Are you familiar with the white wine grape, Albariño? It’s most famous in Spain, and you’ll see it in Portgual referred to as Alvarinho. But in Oregon? In Washington? Yes and yes, you’ll find Albariño in both states.
It’s wild to think that Abacela has been making it–from their own fruit, no less–since 2001. A seafood-loving, heat-busting wine, this Albariño is also notable for where it’s grown: not in the well-known Willamette Valley, but rather in Southern Oregon’s Umpqua Valley.
It seemed serendipitous that right after I had finished enjoying this sample bottle sent my way, I was off to Wenatchee, WA for the first time. And there I would expand upon my repertoire of Pacific Northwest Albariño.
Thanks to Visit Wenatchee, I was off for a weekend sojourn to the epicenter of apples. Spoiler alert: there would also be cherries. And (fermented) grapes.
First things first. It was going to be scorching hot. Yowza! I was staying at the Warm Springs Inn and Winery, where the warmth comes from both Wenatchee in July and the owners, Julie and Ludger Szmania. Also, the Inn is located on “Love Lane“, so maybe that contributes to the overall vibe.
Veterans of the Seattle restaurant business, Julie and Ludger recently reopened the Inn. It’s a place and a lifestyle that provides a shift from the demands of their former occupation. (But Ludger still has that chef’s itch to always be in the kitchen, whether it involves Sunday brunch or cooking for an on-site wedding.)
So at 3:46 PM on a Saturday, with the temperature just about to crest into triple digits, I took a glass of lemonade down to the Wenatchee River, which conveniently flows right by the Warm Springs Inn backyard. Staking out a shady spot, I watched numerous folks on inner tubes float on by:
Before I left for a food and wine event at Ohme Gardens, Julie and Ludger put a cold beer in front of me, which made them heroes in my eyes. I figured I’d need a beer before heading to an outdoor event in the hottest part of the day. Thankfully, the Ohme Gardens are surrounded by trees and shade. And even for someone who wilts in 80 degree heat, I managed to be much more comfortable than I thought possible:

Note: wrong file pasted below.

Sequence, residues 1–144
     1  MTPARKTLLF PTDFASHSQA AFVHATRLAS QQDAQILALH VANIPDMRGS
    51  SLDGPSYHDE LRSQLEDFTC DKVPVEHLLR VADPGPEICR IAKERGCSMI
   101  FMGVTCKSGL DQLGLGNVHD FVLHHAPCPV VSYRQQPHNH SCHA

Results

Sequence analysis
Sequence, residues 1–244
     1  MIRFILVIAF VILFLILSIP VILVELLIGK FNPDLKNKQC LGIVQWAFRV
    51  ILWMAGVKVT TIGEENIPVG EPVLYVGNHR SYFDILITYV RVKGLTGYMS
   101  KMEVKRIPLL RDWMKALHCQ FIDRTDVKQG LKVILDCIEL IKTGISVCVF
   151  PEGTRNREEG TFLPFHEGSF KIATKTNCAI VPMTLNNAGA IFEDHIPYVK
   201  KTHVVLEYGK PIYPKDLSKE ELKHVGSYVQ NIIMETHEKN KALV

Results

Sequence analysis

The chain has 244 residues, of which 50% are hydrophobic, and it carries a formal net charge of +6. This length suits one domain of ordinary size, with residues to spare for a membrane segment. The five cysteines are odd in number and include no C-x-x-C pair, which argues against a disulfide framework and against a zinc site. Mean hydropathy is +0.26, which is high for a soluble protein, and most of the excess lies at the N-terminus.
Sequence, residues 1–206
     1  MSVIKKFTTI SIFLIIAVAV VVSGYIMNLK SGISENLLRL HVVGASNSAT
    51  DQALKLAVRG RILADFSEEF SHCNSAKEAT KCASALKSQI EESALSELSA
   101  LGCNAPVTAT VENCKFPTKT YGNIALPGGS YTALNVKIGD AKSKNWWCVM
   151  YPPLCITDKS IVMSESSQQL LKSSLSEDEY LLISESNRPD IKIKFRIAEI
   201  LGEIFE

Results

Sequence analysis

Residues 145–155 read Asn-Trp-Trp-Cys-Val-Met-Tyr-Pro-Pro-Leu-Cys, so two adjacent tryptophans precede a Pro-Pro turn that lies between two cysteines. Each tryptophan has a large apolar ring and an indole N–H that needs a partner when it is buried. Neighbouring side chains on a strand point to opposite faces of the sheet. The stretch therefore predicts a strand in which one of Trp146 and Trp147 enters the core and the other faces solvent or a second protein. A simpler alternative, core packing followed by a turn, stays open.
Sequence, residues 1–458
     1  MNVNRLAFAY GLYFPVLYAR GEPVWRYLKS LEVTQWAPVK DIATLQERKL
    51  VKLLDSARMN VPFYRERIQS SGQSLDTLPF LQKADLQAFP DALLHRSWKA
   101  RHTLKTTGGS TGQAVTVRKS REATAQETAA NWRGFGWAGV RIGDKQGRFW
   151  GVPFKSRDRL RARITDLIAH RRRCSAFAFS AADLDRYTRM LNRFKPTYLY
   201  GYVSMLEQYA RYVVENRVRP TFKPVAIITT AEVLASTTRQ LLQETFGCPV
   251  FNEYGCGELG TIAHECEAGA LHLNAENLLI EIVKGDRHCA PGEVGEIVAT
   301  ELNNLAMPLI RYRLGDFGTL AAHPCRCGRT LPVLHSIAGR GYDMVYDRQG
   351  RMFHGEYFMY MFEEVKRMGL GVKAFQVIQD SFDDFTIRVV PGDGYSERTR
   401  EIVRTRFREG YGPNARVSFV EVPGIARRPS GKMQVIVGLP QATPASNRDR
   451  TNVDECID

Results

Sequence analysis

It was here that I discovered an Albariño from Washington State: the 2013 Crayelle Cellars. It was definitely my wine of the night. Like the example from Abacela, it’s lively and refreshing. And the fact that I field-tested this in extreme heat should lend extra credence to my assessment.
I returned back to the Warm Springs Inn for some triumphant beer and peeping of the super moon. Sunday brought a bike ride around the river along the Apple Capital Loop Trail (before it got murderously hot). Afterwards? Lunch at the super-cool Pybus Market.
At a spot called Fire, we enjoyed a multitude of wood-fired pizzas. The most notable being one with local cherries, bacon, and goat cheese. Then a gelato sample at Ice, an olive oil and vinegar tasting at D’Olivo, a quick wine tasting at Jones of Washington (I got the Sauv Blanc), and a coffee at Cafe Columbia to finish. If you’re wondering how I drank hot coffee in that heat, the market is mercifully air-conditioned.
Wenatchee, I’ll be back!
As Albarino is one of my favorite grapes, I was glad to see it mentioned and that you came to the good side of the state.
Crayelle is doing a good job for their second vintage.
Warm Springs Inn is one cool place. Did Ludger and Julie tell you that they also have their own label, grown in the Cashmere region?
I got to try a red wine from their vineyards; the story of them planting vineyards in Cashmere is a good one. Look forward to more people working with Albariño in the Pacific Northwest.
I really want to try Crayelle (when have you steered my wrong, Jameson??), but my top choice in Washington is always Idilico. I trust a Spaniard to do it best 🙂
I think it’s cool we’re having a conversation about Washington Albariño! We should plan an event with a bottle of each. Hope you are well and thank you for the commment.
Thanks for the great article about our region. Glad you discovered one of Cascade Valley Wine Country’s many hidden gems in Crayelle’s Albarino as well as experience the Food and Wine Gala at Ohme Gardens in Wenatchee.
Thank you, it was a really nice trip.
I’m glad you enjoyed your trip to our area and survived the heat. Thank you for the nice comments on our Albarino. Cheers!
The well-chilled Albariño was a big help. Cheers.
I have enjoyed a Washington grown Albariño from Idilico. Grapes come from the Wahluke Slope – not so far from Wenatchee.
That’s the second vote for Idilico. (See Sherry’s comment.) Clearly I need to buy a bottle! Thanks for the comment.
Coyote Canyon Albarino is also outstanding. They run out quickly. Made from their own grapes.
Thanks for your comment. I know have two more I need to try. Might have to put together a tasting, maybe throw a Spanish bottle in their, too?
3rd vote for Idilico’s Albariño. Admittedly the only domestic version I’ve had, it was surprisingly good. Refreshing levels of acidity and flavor.
I just poured it at a dinner last night. Was really impressed and the price was right: under $15.
Have you tried the Albarino from Willow Wine Cellars, Underwood, WA. It is so much better than their unassuming slogan… “wine for drinking.” http://www.willowwinecellars.com
Thank you for the tip. Love hearing about more Albariño from Washington!